Doug Hollis | 2006
Shrewsbury Landsdown I-44 MetroLink station
Steel and aluminum
Nine 20′ h. x 6′ 1″ w. x 5′ 3″ d. sculptures
It’s a windy day and the nine identical, kite-like sculptures that make up Aquilone are twirling, fluttering, and howling, activated by the wind. The sculptures are composed of tetrahedral wind-vanes that frame smaller, perforated “tell-tales” – small wind sails that rotate independently, animating the entire surface. The whole piece turns into the wind as the nine sculptures dance with each other. At the leading edge of each structure is a “wind-organ pipe” that converts the wind’s energy into sound. The pipes vary in length, producing a series of harmonic tones as the wind rises and falls.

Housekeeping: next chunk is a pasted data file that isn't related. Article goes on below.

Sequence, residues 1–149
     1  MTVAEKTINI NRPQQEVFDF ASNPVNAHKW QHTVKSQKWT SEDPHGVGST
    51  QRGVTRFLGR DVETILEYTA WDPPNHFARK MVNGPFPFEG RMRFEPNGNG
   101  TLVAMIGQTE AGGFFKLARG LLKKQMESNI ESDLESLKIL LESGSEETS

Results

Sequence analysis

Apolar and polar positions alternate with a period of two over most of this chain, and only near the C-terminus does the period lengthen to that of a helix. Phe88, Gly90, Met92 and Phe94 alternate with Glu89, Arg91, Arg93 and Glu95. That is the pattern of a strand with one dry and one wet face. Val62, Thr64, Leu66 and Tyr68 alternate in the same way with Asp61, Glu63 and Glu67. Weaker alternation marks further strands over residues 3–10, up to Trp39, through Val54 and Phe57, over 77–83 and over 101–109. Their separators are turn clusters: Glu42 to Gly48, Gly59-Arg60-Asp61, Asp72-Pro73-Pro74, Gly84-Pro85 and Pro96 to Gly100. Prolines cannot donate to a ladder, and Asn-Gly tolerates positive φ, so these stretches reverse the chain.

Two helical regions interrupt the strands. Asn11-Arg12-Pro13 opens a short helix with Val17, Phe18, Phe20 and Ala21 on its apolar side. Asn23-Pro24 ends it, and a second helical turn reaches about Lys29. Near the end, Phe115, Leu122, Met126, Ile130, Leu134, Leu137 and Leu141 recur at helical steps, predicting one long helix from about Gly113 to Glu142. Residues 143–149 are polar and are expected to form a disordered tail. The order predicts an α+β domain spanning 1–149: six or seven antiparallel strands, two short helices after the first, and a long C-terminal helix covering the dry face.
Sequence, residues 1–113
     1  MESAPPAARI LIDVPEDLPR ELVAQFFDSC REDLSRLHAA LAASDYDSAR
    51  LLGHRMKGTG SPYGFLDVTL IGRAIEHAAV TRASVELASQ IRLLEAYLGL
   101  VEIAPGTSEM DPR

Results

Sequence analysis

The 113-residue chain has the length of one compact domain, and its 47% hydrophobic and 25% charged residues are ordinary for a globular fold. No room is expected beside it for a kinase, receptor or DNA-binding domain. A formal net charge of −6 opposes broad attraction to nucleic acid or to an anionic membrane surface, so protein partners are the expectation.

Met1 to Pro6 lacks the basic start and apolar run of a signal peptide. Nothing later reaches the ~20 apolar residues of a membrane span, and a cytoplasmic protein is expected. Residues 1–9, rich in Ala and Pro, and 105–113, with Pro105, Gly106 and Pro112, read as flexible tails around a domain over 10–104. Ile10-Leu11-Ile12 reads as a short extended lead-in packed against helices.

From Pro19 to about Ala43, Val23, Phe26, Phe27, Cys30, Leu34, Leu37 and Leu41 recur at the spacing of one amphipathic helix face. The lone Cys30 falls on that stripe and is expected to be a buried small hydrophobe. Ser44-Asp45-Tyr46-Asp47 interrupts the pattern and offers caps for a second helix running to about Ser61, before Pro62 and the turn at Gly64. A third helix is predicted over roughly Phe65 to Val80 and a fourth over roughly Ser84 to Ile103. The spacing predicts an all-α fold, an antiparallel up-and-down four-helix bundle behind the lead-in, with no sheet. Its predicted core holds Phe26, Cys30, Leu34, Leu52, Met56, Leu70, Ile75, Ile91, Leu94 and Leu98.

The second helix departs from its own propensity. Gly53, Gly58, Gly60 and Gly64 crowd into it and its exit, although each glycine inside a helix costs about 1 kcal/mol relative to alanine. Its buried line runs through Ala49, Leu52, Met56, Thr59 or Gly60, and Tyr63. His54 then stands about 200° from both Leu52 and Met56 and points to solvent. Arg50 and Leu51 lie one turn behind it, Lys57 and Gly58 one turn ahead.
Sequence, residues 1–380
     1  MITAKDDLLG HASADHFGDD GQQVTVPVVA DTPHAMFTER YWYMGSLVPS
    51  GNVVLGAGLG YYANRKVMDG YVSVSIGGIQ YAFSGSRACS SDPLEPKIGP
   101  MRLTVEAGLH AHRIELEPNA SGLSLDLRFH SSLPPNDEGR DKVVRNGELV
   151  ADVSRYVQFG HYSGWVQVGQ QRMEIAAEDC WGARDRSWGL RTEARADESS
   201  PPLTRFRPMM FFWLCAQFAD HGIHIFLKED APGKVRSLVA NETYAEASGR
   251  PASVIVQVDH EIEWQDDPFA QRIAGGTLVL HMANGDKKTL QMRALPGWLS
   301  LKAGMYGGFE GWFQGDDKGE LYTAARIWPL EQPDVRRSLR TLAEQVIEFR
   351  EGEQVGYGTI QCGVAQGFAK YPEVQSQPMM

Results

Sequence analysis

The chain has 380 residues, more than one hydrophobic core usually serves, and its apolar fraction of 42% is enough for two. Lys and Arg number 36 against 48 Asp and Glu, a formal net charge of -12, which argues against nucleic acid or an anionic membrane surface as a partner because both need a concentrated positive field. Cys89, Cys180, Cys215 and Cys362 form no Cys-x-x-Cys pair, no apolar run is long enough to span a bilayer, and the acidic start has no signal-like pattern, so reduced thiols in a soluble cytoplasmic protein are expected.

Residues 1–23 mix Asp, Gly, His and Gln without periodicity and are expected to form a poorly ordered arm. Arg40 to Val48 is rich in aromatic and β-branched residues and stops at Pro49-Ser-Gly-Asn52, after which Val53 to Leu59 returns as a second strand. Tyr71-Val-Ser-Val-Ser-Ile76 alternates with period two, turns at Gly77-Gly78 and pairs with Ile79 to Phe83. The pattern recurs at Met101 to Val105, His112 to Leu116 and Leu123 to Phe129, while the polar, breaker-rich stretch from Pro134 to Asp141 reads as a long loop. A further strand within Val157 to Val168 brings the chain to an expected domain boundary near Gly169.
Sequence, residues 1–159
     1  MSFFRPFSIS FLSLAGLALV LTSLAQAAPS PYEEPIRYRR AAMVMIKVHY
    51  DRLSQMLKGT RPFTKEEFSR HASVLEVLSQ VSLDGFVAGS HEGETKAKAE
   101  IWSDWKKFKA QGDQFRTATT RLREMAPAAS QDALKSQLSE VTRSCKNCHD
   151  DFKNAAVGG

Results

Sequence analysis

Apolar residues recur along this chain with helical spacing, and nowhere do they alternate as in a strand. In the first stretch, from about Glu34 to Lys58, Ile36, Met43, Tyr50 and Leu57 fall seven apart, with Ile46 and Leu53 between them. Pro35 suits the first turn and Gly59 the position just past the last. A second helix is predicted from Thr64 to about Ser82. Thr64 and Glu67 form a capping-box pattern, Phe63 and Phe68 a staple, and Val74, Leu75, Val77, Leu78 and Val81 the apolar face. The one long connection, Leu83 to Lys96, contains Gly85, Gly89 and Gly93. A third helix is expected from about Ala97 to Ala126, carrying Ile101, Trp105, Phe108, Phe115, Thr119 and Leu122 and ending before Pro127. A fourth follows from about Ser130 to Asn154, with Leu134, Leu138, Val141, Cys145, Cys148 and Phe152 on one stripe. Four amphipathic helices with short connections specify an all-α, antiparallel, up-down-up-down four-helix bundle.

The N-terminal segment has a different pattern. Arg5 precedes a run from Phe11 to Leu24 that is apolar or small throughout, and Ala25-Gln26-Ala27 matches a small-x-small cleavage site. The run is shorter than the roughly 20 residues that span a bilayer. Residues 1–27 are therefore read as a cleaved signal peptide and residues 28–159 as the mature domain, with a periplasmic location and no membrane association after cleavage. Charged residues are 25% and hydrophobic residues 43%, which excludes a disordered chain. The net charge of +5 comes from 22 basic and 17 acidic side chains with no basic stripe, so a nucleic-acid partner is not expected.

Aquilone references the work of Alexander Graham Bell’s study of tetrahedral kites and Buckminster Fuller’s quest to understand the underlying structures of nature. The artist, Doug Hollis, says, “This sculpture is part of my ongoing research into the motion of the wind and its ability to activate kinetic forms. I want to create a field of activity; an ever-changing experience of the wind’s movements to be seen by people waiting on the platform, or those driving or walking by.” Hollis’ goal is to “try and make places that have an oasis-like quality, where people can pause to catch their spiritual breath in the midst of their everyday lives.”
Commissioned by Arts in Transit for Metro Transit St. Louis.